Matthew 26:39-46 (NIV) Going a little farther, he fell with his face to the ground and prayed, “My Father, if it is possible, may this cup be taken from me. Yet not as I will, but as you will.”
Then he returned to his disciples and found them sleeping. “Could you men not keep watch with me for one hour?” he asked Peter. “Watch and pray so that you will not fall into temptation. The spirit is willing, but the body is weak.”
He went away a second time and prayed, “My Father, if it is not possible for this cup to be taken away unless I drink it, may your will be done.”
When he came back, he again found them sleeping, because their eyes were heavy. So he left them and went away once more and prayed the third time, saying the same thing.
Then he returned to the disciples and said to them, “Are you still sleeping and resting? Look, the hour is near, and the Son of Man is betrayed into the hands of sinners. Rise, let us go! Here comes my betrayer!”
Jesus’ heart was so heavy that His main desire was to pray, to commune with the Father before everything started rolling forward. He knew that He was standing on the precipice, and had to take the leap into the yawning abyss at His feet of His own free will.
But He also knew that once He jumped, there would be no turning back, no opportunity to second-guess His choice. If He left the garden right then, just slipped away into the shadows, the betrayal would be fruitless; the trap would spring on empty air. But the task would still lie out there undone. Mankind would still be lost, and all that He had done up to that moment would become worthless.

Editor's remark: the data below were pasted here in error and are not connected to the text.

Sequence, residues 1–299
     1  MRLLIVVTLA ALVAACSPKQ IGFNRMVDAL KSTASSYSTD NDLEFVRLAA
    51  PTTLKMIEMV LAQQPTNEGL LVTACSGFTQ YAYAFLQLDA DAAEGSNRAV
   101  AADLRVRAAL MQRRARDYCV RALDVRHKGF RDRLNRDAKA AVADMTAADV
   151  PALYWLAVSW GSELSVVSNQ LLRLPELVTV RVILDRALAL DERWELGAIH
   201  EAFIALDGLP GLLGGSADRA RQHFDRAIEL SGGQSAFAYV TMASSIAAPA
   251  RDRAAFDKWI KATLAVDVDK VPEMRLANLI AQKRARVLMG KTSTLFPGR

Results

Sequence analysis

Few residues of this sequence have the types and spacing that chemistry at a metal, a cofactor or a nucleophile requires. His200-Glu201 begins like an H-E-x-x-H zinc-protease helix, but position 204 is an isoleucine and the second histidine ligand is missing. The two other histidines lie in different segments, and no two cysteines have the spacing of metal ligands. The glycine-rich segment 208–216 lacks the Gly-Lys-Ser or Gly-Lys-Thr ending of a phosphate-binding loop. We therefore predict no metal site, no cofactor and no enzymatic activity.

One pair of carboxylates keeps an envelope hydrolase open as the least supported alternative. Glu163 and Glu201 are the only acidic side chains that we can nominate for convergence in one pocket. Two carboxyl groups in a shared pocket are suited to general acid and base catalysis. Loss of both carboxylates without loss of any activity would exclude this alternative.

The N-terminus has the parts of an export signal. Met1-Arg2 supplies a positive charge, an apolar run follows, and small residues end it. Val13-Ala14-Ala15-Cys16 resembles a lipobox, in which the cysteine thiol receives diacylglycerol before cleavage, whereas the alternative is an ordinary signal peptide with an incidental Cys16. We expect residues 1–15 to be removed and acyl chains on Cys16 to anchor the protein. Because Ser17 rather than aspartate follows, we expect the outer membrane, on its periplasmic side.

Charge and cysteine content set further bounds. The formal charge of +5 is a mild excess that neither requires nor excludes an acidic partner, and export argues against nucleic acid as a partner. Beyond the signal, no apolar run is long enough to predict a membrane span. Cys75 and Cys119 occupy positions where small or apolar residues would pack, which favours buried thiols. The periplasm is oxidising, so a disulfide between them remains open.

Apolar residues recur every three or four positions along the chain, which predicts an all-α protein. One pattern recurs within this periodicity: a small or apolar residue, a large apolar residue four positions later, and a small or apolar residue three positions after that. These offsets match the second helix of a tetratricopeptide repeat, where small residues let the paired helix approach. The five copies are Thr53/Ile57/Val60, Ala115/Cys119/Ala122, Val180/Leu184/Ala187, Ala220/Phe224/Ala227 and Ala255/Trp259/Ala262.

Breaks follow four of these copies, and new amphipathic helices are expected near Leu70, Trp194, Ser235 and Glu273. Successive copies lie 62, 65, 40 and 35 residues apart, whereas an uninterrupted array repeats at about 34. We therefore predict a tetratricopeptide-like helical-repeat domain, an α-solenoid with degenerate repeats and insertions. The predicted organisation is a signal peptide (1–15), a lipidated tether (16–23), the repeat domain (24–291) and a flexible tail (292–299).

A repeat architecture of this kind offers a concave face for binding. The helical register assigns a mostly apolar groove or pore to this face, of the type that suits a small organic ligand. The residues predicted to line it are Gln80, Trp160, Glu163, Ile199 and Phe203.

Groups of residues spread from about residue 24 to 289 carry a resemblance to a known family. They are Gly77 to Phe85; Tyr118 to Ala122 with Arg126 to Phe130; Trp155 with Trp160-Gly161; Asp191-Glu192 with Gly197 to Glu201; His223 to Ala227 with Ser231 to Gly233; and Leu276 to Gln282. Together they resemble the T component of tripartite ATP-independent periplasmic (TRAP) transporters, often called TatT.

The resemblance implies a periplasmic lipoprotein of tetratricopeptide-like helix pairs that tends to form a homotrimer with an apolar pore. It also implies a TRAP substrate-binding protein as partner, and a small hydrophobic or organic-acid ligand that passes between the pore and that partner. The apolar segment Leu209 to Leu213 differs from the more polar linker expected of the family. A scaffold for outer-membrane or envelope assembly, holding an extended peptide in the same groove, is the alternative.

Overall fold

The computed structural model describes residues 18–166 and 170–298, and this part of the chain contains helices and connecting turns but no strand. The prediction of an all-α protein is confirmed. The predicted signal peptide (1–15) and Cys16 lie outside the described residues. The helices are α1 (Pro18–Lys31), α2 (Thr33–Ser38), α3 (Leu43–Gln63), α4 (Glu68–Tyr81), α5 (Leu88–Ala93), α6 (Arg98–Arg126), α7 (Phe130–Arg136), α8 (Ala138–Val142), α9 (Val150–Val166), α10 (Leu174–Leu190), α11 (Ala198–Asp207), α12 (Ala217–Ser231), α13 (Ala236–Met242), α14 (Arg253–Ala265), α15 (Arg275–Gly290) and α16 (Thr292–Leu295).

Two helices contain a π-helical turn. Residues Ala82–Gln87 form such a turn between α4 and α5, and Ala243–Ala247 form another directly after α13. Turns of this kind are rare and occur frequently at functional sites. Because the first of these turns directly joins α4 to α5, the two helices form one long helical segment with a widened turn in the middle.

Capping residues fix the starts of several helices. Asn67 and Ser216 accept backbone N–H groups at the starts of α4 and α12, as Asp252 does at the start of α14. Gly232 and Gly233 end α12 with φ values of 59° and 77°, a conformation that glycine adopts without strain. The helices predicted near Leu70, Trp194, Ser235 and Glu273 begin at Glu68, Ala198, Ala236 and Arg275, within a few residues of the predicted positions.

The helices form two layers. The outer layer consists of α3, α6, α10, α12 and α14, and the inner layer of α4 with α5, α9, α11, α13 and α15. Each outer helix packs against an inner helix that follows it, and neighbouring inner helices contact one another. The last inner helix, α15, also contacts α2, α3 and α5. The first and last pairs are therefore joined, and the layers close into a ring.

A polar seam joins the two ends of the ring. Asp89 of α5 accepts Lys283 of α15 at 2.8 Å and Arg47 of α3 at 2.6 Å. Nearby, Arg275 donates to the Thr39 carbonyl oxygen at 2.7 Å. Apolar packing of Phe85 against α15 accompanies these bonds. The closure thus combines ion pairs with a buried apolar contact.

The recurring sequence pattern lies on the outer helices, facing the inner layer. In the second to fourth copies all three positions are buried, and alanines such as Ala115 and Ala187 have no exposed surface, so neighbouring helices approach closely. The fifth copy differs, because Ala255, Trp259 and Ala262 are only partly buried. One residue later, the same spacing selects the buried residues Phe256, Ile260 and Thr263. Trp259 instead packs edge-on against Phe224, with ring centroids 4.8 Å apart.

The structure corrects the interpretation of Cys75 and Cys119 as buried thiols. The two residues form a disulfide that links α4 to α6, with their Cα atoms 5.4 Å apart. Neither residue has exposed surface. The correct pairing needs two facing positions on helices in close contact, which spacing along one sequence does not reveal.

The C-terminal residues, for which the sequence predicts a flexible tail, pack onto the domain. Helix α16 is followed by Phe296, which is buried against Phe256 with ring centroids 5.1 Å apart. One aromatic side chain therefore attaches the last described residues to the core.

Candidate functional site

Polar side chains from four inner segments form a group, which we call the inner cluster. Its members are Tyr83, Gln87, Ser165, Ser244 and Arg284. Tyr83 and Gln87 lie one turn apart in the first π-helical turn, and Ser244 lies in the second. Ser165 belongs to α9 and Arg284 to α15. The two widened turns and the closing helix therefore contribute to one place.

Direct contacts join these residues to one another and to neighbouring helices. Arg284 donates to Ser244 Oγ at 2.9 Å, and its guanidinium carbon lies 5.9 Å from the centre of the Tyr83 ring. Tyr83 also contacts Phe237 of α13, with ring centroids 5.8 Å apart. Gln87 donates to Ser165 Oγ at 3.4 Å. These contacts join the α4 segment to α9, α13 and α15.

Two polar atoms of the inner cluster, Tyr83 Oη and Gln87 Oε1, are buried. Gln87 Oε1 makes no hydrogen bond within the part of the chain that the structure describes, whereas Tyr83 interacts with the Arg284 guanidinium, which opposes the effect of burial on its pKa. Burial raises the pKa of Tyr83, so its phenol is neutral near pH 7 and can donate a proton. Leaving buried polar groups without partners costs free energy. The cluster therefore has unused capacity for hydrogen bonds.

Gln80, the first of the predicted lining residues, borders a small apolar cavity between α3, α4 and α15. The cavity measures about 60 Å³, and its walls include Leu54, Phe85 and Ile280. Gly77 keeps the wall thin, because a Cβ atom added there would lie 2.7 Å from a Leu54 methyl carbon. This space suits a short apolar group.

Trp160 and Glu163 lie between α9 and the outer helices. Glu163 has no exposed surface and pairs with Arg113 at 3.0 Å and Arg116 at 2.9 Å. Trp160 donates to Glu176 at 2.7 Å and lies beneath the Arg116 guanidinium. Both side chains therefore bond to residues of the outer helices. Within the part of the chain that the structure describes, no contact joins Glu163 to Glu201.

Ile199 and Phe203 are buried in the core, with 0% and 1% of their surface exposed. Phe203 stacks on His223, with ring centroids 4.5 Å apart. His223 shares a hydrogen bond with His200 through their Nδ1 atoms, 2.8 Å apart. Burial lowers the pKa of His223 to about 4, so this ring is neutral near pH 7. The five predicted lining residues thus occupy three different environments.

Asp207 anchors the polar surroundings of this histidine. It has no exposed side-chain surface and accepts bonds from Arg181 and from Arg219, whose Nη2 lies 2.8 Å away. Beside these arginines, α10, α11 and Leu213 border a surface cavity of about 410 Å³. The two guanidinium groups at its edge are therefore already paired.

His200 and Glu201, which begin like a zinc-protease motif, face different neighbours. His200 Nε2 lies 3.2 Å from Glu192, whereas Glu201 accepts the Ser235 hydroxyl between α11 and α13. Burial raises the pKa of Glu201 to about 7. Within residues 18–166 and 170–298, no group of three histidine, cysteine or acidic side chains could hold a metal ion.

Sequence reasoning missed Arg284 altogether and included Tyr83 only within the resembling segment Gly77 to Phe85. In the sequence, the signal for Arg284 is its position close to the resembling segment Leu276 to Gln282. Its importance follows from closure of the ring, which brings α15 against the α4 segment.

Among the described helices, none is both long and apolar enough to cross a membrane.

But, at the same time, His humanity wanted to shrink away from the pain, the degradation, the suffering that lay before Him. And His divinity wanted to shrink away from the stain of trillions of sins poised to fall on His shoulders, and from the sudden separation from the Father that would result. Never before had there been such a gargantuan battle in the soul of one person.
The key to victory lay in the simple words, “Yet not as I will, but as you will.” In these words, Jesus chose to submit Himself fully to the will of His Father. He would take the plunge. He would not run and hide, but would boldly march forward and willingly endure that path laid out for Him.
It did, however, take three rounds of prayer before He gained the full victory. Three times His flesh and His spirit tried to draw back, and three times He recommitted Himself to God’s will, God’s plan, regardless of the cost to Himself.
Sadly, His inner circle of disciples was of no help at His time of greatest need. They were mentally and emotionally spent from the strange events of the evening, so they simply fell asleep as soon as they sat still. And they could not get the victory over their exhaustion, despite Jesus’ exhortation to stay awake and pray with Him.
So He prayed alone. He gained the victory alone. And He let His disciples sleep until the moment was upon them, and the trap about to spring. They would be scattered for now. The foreseen and foretold denial would happen just as He had warned them. But the time for His leap into the abyss was upon Him, and He was ready to jump.
Father, so often we focus our attention on the sleeping disciples, trying to learn the lesson of not letting You down when You call on us. But we miss the Herculean battle raging in Jesus’ own soul, and fail to learn the lesson of true submission to Your will. Jesus had been intent on doing what He had been sent to do, on finishing His mission, long before this moment. And it was only that firm resolve, steeled well in advance of the crisis, that enabled Him to stand firm no matter how much His flesh and spirit recoiled from the pain and suffering waiting for Him, now mere minutes and hours away. Lord, You have placed a call on my life, too. I need to learn from the disciples’ failure, yes. But even more, I need to learn from Jesus’ success. Help me to stand firm in Your calling, to move forward boldly in Your strength, and even to leap willingly into the abyss when the time comes. Amen.